Then, in July, 1942, the Nazis began a massive deportation of Jews to be murdered in the death camp of Treblinka. Over a quarter-million Jews left Warsaw within a few months. The next spring, with about 80 per cent of the ghetto's population already destroyed, and as the Germans were preparing to eliminate the rest, remnants among the survivors began a heroic and suicidal uprising against the occupation - the first instance of an armed civilian revolt against the Germans anywhere in occupied Europe. Fighting went on for weeks, and the repression involved the liquidation of what remained of the ghetto - street by street, building by building.

As the combat raged, what remained of the Jewish population went underground, to bunkers constructed as a final refuge. Engelking and Leociak, inquisitive and generous with information, list in an appendix the addresses of 80 bunkers, together with a brief description and their evidentiary source. I note for example, among many others, a bunker at 20-21 Franciszkañska Street: "Garbage collectors' bunker. It had an underground connection to the sewers; before the uprising smugglers brought in their goods this way from the Aryan side."

Or another, on 18 Mi{lstrok}a Street: "The best and largest bunker in the ghetto (it held about 300 people), under the courtyard, owned by a gang of thieves. It had several exits. The boss of the gang, Szmul Osyer, made it available to the ZOB [the Jewish Fighting Organization, or main resistance group] In this bunker the high command of the ZOB committed suicide on 8 May, the day that it was discovered by the Germans."

Readers may be surprised at the demonstration of the most intense aptitude and appetite for organization among the ghetto's inhabitants. Whatever motivated and enabled these starving, disease-ridden, cold and often bereaved inhabitants to create smuggling networks, a sophisticated municipal government, a whole array of social-service institutions, clandestine newspapers, theatres, libraries, concerts, underground universities, vocational training and business enterprises?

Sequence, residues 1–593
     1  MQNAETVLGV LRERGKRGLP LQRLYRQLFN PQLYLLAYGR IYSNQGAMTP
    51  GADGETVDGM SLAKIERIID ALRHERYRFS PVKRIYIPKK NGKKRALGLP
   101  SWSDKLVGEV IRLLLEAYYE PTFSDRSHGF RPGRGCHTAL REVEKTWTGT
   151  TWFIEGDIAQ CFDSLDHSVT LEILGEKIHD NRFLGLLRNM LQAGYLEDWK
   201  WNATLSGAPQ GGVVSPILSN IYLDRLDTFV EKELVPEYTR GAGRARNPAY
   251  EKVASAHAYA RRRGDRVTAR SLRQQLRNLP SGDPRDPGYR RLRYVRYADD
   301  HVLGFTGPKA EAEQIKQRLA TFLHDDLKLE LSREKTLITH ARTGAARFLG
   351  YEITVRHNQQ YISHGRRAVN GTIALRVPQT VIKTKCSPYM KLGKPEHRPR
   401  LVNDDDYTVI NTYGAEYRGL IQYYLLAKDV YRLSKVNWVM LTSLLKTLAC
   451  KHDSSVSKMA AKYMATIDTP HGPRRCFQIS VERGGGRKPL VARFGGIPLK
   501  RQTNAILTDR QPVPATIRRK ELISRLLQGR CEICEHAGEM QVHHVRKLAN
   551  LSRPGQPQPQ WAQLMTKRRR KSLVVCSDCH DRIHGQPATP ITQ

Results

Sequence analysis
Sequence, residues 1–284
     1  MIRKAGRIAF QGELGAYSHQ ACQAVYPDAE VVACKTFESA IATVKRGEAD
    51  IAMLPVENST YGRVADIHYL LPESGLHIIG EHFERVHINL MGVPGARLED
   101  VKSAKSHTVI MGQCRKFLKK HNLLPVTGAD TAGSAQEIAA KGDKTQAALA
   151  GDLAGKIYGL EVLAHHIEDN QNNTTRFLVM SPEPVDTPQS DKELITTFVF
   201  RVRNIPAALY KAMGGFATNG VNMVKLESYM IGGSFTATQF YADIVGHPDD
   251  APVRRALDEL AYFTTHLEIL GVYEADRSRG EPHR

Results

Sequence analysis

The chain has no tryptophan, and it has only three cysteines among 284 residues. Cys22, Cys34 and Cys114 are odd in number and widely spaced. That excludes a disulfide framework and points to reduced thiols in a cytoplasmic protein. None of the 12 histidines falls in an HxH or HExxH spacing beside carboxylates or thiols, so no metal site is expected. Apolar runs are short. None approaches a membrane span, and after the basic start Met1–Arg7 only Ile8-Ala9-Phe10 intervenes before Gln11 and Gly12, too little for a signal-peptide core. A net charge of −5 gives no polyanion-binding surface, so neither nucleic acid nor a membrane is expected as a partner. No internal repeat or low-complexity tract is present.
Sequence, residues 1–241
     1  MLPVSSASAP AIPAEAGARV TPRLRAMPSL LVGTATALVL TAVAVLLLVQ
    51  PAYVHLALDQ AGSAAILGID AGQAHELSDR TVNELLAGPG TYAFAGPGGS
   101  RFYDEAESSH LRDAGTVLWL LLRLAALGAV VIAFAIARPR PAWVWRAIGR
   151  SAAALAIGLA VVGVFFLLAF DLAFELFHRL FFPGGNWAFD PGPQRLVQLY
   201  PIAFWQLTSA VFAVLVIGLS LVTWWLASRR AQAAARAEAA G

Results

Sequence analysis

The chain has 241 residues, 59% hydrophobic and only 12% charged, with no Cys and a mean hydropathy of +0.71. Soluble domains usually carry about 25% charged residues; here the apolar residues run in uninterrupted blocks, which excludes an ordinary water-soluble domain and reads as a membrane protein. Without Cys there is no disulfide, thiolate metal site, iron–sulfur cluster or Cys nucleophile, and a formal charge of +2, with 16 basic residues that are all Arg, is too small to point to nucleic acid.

Some of the explanation may be found in prewar Jewish Warsaw, an extraordinarily sophisticated, diverse and talented society onto which the Germans imposed, in a paradoxical way, a kind of Jewish republic. But there was something else, which enlivens these pages - an unquenchable sense, likely fed by desperation, that doing something was perhaps the only alternative to utter despair, which would mean surrendering to the Germans' murderous plans.

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There was something absurd about the Warsaw Ghetto, as its inhabitants could not help but observe and wrote about frequently. Why were they in this situation? Why did the Germans pack them together for no apparent purpose? The authors include a quotation from the notes of Janusz Korczak, the famous Warsaw Jewish educator. A customer complained to a Jewish merchant, when making a purchase. The merchant's wife replied: "My good woman, these are not goods, and this is not a shop, and you are not a customer, and I am not a shopkeeper, and I am not selling you anything, and you are not paying, for these pieces of paper are not money. You don't lose anything, I don't earn anything. Who cheats anyone today, and what would it be for? It's just that you have to do something. Well, isn't that true?"

Michael R. Marrus is a Senior Fellow of Massey College. His latest book, to appear in October, is entitled Some Measure of Justice: The Holocaust Era Restitution Campaign of the 1990s.